When was the last time your trainer put you on a winner?

Coming on the heels of newly instituted whipping rules that have been roundly criticized, the British Horseracing Authority is about to impose a new rule prohibiting owners from “laying” any horse trained by his or her trainer, regardless of who the owner is. “Laying” a horse means betting that the horse will not win.

The stipulation, currently part of the BHA’s Code of Conduct, is to become a rule of racing Nov. 1. What it means, simply, is that owners may not “lay” a horse from the same training yard in which they also have a horse in training.

Considering that many U.S. racing jurisdictions do not have rules prohibiting an owner from betting against his own horse, this British rule seems particularly strict. But such is the concern over how exchange wagering has altered betting on horse racing in the UK, where it is perfectly normal practice to bet on a horse to lose.

Michael Harris, chief executive of Britain’s Racehorse Owners Association, spoke out against making the “lay” prohibition part of the rules of racing.

“We were not comfortable with this when it was within the Code of Conduct and we like it even less now it is to become a rule that may lead to penalties being imposed on completely innocent parties,” Harris said. “At a time when racing needs every owner it can get with the diminishing number of horses in training, we should not be hardening up rules that will be a turn-off for some owners.

“We discussed this with the BHA at the time they raised it and told them why we did not support it. It is one thing to expect owners to adhere to a rule that says they cannot place lay bets on their own horses but we believe that expecting owners not to lay any horse that is in a yard when they have a horse in that yard is a step too far.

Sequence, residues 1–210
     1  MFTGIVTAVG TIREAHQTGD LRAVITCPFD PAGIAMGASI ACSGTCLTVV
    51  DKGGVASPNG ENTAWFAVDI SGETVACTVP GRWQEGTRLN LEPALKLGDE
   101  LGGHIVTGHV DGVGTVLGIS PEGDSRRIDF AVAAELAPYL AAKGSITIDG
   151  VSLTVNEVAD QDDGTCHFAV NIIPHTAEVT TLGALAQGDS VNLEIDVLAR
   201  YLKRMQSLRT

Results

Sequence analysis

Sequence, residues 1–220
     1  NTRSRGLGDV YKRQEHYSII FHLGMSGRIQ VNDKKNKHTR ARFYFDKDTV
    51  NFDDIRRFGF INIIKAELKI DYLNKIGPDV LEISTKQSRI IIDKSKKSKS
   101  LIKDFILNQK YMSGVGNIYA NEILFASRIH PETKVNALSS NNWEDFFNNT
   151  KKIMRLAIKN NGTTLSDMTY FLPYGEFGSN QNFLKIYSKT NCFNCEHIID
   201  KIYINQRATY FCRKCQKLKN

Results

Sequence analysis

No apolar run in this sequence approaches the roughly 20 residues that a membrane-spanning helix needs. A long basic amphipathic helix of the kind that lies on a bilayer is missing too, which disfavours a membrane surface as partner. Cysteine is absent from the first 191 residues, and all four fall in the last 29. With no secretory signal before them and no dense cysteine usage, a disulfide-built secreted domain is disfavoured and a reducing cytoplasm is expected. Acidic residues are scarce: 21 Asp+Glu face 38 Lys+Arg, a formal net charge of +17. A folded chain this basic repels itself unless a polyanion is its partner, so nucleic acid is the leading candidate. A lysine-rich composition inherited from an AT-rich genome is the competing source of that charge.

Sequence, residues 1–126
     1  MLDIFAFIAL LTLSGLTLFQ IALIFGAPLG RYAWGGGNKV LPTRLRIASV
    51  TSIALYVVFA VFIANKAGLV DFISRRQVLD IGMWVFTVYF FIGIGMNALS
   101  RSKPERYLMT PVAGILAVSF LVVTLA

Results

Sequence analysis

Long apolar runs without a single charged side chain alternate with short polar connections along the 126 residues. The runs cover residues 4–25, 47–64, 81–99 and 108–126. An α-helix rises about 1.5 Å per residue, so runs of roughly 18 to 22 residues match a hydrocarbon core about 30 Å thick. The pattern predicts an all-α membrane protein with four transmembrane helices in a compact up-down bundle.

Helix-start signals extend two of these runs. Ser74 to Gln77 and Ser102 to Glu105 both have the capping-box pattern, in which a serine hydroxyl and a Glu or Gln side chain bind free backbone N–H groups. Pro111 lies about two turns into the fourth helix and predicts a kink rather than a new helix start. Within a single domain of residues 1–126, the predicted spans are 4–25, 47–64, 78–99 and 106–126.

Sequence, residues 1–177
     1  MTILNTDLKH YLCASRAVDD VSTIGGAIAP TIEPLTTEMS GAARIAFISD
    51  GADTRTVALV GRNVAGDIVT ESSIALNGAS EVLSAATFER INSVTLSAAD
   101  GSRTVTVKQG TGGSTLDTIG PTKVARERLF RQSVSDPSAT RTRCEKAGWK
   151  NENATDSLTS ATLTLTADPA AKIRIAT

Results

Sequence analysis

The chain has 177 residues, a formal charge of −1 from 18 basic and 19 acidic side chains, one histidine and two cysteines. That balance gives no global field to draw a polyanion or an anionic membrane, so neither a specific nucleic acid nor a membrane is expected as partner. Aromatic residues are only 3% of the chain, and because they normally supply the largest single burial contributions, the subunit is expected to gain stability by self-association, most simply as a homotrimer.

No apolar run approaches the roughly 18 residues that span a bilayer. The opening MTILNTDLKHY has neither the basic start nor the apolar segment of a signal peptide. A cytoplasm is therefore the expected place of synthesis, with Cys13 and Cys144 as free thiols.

“Apart from the unfairness of it,” Harris continued, “you do wonder how it will be policed. If I have just a 20th share in one horse in a yard, this rule says I would be in breach if I lay another horse in the same yard.

“Just because you have a horse in a yard, it doesn’t mean you are automatically privy to inside information about other horses in that yard. This rule assumes you do and therefore disadvantages owners.”

Read more on the PAULICK REPORT

Have Your Say - *Please Use Your Name & Surname

Comments Policy
The Sporting Post encourages readers to comment in the spirit of enlightening the topic being discussed, to add opinions or correct errors. All posts are accepted on the condition that the Sporting Post can at any time alter, correct or remove comments, either partially or entirely.

All posters are required to post under their actual name and surname – no anonymous posts or use of pseudonyms will be accepted. You can adjust your display name on your account page or to send corrections privately to the EditorThe Sporting Post will not publish comments submitted anonymously or under pseudonyms.

Please note that the views that are published are not necessarily those of the Sporting Post.

Notify of
Inline Feedbacks
View all comments



Popular Posts